– Thufir
    Feb 3, 2016 at 22:34
  • @Thufir, No, no, no! A will never exist in src/test. You'll have a test class, A_Tests in src/test, which will have methods like wallenborn describes. src/main and src/test have completely different sets of code in them.
    – David Arno
    Feb 4, 2016 at 13:54

You will normally keep your tests in a separate folder hierarchy as they usually aren't part of the binary you ship, and it's just simpler to not mix them up, but you keep them in the same repo and branch because they belong together in source.

As for where you work, TDD means Test Driven Development, which means you first write a (small) test for the feature you want your code to provide. You run it and watch it fail; red. You then implement the functionally in the "simplest possible way" until the test succeeds; green. You can then optionally refactor the code while keeping the test green. You then go back to writing another failing test, and so on.

By adding tests for additional features this way, and implementing the features in small increments, you reduce some of your guesswork that normally happens when you try to write the code before the tests. Tests in TDD represents a future user of your API, even before the code exists. Thus you're less likely to write code that's not needed, with a reasonable API, while constantly guarding any the code you've already written.

  • I can't get past the notion that while you don't ship the test directory, it's part of the main branch for the repo. That just strikes me as wrong. If it's in the main branch, then it should ship, otherwise it belongs in a different branch, to my thinking. I'll have to adapt.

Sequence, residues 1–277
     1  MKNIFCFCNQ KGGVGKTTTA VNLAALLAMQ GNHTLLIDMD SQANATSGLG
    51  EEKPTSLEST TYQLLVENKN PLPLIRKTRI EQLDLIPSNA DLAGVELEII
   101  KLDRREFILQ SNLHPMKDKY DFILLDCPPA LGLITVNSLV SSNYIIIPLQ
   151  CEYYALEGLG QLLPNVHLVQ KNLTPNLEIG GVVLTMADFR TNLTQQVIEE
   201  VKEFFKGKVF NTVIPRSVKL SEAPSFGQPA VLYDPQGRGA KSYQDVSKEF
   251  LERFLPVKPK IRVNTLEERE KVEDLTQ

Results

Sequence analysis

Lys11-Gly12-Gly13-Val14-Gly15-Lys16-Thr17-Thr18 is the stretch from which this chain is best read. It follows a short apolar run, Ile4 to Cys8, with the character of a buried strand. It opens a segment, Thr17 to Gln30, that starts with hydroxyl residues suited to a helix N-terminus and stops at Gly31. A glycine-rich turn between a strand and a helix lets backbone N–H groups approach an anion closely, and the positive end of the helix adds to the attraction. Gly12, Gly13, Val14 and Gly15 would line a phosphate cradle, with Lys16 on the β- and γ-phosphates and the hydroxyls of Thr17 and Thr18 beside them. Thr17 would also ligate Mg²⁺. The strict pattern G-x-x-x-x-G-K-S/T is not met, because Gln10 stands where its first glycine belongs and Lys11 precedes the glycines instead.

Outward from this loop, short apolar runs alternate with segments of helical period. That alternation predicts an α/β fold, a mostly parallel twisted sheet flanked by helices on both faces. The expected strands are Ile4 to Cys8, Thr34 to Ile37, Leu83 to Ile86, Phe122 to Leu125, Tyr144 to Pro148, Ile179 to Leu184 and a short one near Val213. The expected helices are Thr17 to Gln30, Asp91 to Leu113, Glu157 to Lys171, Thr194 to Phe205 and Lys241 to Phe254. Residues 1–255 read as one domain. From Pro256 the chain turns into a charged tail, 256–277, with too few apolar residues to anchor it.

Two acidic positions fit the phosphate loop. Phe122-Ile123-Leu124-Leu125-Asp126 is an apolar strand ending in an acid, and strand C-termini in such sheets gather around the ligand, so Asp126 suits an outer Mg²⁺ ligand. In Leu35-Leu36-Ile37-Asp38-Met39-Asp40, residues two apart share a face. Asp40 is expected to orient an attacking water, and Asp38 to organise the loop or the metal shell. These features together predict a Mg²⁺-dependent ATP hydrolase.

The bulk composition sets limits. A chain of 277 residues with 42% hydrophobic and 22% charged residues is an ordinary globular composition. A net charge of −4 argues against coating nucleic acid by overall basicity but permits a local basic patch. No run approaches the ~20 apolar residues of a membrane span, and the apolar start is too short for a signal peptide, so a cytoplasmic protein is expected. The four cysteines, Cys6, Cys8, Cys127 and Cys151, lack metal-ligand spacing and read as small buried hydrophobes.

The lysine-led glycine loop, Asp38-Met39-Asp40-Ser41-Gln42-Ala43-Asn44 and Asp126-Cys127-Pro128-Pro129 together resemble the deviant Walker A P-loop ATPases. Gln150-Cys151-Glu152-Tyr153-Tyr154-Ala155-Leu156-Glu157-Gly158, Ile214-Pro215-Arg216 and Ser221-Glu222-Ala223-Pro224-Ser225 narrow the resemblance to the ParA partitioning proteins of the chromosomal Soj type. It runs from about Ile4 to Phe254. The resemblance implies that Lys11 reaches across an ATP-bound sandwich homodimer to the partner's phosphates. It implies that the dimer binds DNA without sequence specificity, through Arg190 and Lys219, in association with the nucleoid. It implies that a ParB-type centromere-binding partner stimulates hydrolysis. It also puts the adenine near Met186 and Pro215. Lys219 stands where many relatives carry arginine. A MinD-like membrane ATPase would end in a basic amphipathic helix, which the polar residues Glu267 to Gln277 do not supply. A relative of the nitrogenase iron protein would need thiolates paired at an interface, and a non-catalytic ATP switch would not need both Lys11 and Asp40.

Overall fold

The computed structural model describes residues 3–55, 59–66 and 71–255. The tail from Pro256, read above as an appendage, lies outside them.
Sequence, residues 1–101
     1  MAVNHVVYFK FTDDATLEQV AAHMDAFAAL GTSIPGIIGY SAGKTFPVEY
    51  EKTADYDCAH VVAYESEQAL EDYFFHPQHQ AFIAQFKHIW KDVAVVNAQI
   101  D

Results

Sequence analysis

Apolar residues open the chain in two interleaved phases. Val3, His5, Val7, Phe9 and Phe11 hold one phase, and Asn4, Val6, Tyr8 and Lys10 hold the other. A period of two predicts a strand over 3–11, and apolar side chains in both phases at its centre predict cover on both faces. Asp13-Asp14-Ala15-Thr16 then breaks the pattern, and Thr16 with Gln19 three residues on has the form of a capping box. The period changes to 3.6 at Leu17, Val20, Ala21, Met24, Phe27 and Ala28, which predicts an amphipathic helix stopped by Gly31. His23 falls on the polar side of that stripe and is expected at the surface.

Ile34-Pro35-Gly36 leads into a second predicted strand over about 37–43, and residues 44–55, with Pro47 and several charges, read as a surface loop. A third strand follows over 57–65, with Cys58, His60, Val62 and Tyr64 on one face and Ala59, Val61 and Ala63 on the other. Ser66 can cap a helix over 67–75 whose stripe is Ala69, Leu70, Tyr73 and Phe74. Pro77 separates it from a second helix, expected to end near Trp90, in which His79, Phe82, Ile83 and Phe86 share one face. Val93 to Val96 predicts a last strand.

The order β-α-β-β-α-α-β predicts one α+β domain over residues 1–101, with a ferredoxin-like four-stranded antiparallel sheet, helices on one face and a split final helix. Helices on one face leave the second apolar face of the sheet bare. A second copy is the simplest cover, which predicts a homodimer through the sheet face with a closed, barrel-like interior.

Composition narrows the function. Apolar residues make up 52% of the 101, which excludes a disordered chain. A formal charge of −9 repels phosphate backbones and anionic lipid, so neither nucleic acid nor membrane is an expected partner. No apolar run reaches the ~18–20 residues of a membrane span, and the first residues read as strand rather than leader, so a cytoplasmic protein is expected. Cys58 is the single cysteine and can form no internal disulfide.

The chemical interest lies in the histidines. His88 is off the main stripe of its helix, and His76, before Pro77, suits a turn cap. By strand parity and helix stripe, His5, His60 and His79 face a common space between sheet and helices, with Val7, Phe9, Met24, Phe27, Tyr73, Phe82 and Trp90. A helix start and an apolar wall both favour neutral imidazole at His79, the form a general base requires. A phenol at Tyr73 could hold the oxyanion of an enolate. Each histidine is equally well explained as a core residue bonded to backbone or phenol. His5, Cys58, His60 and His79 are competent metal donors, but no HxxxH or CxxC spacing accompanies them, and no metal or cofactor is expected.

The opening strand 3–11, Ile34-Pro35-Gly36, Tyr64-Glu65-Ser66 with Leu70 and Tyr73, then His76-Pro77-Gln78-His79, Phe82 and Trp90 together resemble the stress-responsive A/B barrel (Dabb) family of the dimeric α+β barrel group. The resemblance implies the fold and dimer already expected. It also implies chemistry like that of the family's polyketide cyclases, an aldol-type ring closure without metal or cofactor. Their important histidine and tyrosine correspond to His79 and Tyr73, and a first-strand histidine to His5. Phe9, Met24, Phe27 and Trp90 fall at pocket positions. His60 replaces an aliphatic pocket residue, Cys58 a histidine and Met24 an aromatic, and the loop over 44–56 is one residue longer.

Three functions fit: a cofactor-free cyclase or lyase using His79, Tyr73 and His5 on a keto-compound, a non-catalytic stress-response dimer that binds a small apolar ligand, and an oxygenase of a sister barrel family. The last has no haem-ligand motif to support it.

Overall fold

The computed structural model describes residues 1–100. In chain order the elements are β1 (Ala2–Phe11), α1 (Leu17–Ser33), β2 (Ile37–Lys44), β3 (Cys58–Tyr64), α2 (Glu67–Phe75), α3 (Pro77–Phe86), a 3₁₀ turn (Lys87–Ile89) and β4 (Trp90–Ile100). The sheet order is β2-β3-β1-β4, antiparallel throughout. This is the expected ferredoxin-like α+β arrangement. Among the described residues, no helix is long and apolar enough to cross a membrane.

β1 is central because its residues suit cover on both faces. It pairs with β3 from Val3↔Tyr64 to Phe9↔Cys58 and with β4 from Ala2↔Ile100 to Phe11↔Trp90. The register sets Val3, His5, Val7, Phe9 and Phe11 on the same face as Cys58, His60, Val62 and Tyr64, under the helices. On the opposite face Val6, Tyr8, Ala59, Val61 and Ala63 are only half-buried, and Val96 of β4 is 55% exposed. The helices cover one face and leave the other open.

– Thufir
    Feb 4, 2016 at 9:04
  • The repo contains all the things you need to build your product. It doesn't necessarily contain anything that is useful to your customers as is. And if you distribute it as source, there's no reason not to include the tests, just zip the whole repo. If you distribute compiled binaries with documentation baked into PDFs, why would you include any of the source content? For a middle way, if you're using c, you might distribute a compiled binary, but ship header files.
    – axl
    Feb 4, 2016 at 13:38

The tests aren't there to ensure you write the code you want to write. They are there to ensure that three years from now, you don't accidentally change the way the code works through a seemingly unrelated change, causing unintelligible defects.

Tests are insurance against the future. Never remove the tests.

  • by this reasoning, if the code won't get used down the road, then tests wouldn't have utility. I thought that it was supposed to be a different mindset...? (no, I haven't read a book on testing yet)
    – Thufir
    Feb 3, 2016 at 15:21
  • 1
    "Never" is too strong a term. If you have functionality that becomes unneeded later, then you remove that functionality, ensuring only the expected tests fail (to confirm the removal hasn't broken other features). Then those redundant tests can be removed. That's the only time you should remove tests though.
    – David Arno
    Feb 3, 2016 at 17:44

Your Answer

By clicking “Post Your Answer”, you agree to our terms of service and acknowledge you have read our privacy policy.

Not the answer you're looking for? Browse other questions tagged or ask your own question.